Our Schools

Our Schools


THE SOCIETY OF MARY was founded by Jean-Claude Colin (1790-1875) in 1836 in France against a background of political and social unrest following the events of the French Revolution and the collapse of the Napoleonic Empire. Members of the Society of Mary are commonly known as Marists. Marists have a special devotion to Mary and they are called to think, judge and act as Mary in all things.

From the very beginning Jean Claude Colin regarded the education of the young as “entrusted by providence to the Society of Mary”. The early Marists were committed to education and missionary work with a particularly strong presence in Oceania.

Two centuries later there are Marists schools in many regions of the world. In Ireland there are three colleges, St. Mary’s College Dundalk founded in 1860 Catholic University School in 1867 and Chanel College Coolock in 1955.

The original vision of Fr.Colin focused on the central importance of the task of educating young people as Christian Citizens and the value of every young person as a unique individual. These values continue to be core to the education mission in Ireland.

Until the 1960s this work was primarily carried out by the many Marist Fathers who taught in and managed our schools. Over recent decades this has changed. Today our schools are places of increasing partnership between lay staff, pupils, parents and Marist communities. The Marist Fathers are the owners/trustees of the three schools and continue to be committed to upholding the characteristic spirit of the founding fathers. This characteristic spirit or ethos is expressed in a contemporary context. To assist schools in their tasks the trustees, in 2003, created The Marist Education Authority which acts on behalf of the Marist Provincial and his Council in trustee matters with the primary objective of safeguarding and promoting the Catholic and Marist Ethos in the Marist Schools.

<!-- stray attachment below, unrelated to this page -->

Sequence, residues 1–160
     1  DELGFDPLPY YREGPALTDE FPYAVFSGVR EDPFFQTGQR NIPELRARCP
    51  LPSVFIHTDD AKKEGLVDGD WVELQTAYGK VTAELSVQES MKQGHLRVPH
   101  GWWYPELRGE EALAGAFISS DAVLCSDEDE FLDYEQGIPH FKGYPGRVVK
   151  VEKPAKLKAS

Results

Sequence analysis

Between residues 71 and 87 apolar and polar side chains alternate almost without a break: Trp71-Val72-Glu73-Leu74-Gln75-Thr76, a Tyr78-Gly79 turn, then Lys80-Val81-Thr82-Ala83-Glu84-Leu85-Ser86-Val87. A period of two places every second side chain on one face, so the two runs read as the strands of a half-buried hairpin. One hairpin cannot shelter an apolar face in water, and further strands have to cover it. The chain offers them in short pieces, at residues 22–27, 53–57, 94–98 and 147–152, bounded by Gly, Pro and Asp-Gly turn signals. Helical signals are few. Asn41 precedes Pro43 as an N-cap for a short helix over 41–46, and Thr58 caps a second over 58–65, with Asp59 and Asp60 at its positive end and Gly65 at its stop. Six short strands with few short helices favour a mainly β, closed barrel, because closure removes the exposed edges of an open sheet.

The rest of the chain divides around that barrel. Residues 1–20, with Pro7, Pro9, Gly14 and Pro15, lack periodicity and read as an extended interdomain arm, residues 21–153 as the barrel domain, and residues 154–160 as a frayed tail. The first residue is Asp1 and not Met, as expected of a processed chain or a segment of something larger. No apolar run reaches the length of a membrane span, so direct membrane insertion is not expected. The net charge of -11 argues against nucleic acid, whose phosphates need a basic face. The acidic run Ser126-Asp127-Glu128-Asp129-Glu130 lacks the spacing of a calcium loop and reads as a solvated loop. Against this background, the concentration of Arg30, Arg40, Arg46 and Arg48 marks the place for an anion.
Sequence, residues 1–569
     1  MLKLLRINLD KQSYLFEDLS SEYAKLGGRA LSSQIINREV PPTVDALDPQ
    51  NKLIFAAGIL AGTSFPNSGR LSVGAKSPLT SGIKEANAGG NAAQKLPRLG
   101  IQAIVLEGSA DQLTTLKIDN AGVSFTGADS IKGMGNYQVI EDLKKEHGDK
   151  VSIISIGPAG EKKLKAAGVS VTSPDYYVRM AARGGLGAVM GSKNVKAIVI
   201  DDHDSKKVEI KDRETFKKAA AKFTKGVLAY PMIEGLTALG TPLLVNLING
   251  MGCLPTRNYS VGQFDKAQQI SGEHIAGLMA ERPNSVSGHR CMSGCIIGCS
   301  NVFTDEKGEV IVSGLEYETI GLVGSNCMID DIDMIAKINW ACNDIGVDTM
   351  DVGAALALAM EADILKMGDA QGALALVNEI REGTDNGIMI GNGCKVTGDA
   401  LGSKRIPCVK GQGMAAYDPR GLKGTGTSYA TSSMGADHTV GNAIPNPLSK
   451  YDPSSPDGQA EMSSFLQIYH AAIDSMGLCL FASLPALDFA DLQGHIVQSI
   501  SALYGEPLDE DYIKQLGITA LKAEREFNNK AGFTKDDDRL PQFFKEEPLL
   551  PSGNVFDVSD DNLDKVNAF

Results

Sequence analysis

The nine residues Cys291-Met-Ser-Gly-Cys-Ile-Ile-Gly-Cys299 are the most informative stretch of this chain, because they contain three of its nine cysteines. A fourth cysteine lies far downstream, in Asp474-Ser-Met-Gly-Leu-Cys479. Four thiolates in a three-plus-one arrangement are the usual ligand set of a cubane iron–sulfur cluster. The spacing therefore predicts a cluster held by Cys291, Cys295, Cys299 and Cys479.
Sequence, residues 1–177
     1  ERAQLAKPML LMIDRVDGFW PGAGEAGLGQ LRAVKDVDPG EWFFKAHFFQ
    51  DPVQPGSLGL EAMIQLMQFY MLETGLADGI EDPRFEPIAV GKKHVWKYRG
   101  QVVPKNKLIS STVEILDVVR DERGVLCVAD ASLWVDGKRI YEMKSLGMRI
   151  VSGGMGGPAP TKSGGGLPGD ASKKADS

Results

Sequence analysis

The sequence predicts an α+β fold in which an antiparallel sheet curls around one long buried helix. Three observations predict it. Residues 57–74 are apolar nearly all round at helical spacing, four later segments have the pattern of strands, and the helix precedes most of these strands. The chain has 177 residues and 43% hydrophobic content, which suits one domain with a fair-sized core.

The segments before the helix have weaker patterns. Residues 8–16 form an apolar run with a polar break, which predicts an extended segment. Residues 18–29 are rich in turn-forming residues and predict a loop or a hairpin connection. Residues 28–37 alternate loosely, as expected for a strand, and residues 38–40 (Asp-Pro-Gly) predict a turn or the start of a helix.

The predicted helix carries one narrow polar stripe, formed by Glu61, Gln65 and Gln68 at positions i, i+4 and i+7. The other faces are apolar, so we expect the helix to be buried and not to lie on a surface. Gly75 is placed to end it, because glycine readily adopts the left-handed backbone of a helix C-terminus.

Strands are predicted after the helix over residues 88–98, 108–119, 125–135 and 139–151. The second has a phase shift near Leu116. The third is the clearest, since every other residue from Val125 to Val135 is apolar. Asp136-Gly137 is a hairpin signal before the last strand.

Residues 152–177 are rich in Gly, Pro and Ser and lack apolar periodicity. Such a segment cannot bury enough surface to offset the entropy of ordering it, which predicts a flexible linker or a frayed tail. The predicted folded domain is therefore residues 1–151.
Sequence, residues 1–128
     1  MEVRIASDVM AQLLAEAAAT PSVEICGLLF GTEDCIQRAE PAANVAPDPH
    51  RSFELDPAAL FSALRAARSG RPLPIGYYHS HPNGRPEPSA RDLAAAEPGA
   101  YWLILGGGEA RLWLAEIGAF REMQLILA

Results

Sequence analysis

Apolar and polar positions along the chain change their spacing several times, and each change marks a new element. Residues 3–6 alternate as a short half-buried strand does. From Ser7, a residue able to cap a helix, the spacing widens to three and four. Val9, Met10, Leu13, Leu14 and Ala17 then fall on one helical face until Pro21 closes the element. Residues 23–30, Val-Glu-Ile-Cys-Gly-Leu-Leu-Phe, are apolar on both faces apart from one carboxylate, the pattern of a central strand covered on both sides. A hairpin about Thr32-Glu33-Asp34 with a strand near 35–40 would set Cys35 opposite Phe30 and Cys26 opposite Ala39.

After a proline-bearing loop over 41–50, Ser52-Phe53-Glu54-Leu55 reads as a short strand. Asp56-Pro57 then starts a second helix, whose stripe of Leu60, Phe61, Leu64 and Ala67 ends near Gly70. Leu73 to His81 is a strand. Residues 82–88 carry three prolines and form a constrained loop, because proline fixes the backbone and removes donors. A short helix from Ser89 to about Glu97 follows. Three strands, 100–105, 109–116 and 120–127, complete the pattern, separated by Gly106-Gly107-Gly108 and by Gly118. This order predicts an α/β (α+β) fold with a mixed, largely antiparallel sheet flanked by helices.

Teachers in our schools have an obligation to support and uphold the characteristic spirit or ethos of the Society of Mary as outlined in this documentation.

Further information is available at www.maristfathers.org

A Brief History of St. Mary’s College, Dundalk.

St. Mary’s College was founded in 1861, by the Very Reverend John Leterrier, S.M. He came from Lyons for the purpose, at the invitation of Dr. Kieran, P.P., and with the cordial approval of the then primate. There was no second level school in the town for Catholic boys at this time and Dundalk was the site of the first Marist school in Ireland.

The Society purchased a building, which had previously been known as Church Hill House. This house is still part of the school where the offices are situated. The school was opened on the 17th of September with twenty-five day pupils. Dean Kieran’s recollection was that the school “was for the sons of merchants and shopkeepers”.

Although the house then in existence was large, an addition had to be made in 1863, at a cost of between £2,000 and £3,000. So as soon as the new buildings were ready for occupation a limited number of boarders were taken. The demand for admission increased rapidly, and in 1874 it was found necessary to make a still further extension, at a cost of £3,000. In 1881, several small houses in the vicinity were purchased, and fitted for classrooms. The Superiors of the Order, who desired to make an important centre of their work in Dundalk, raised all the money spent on improvements.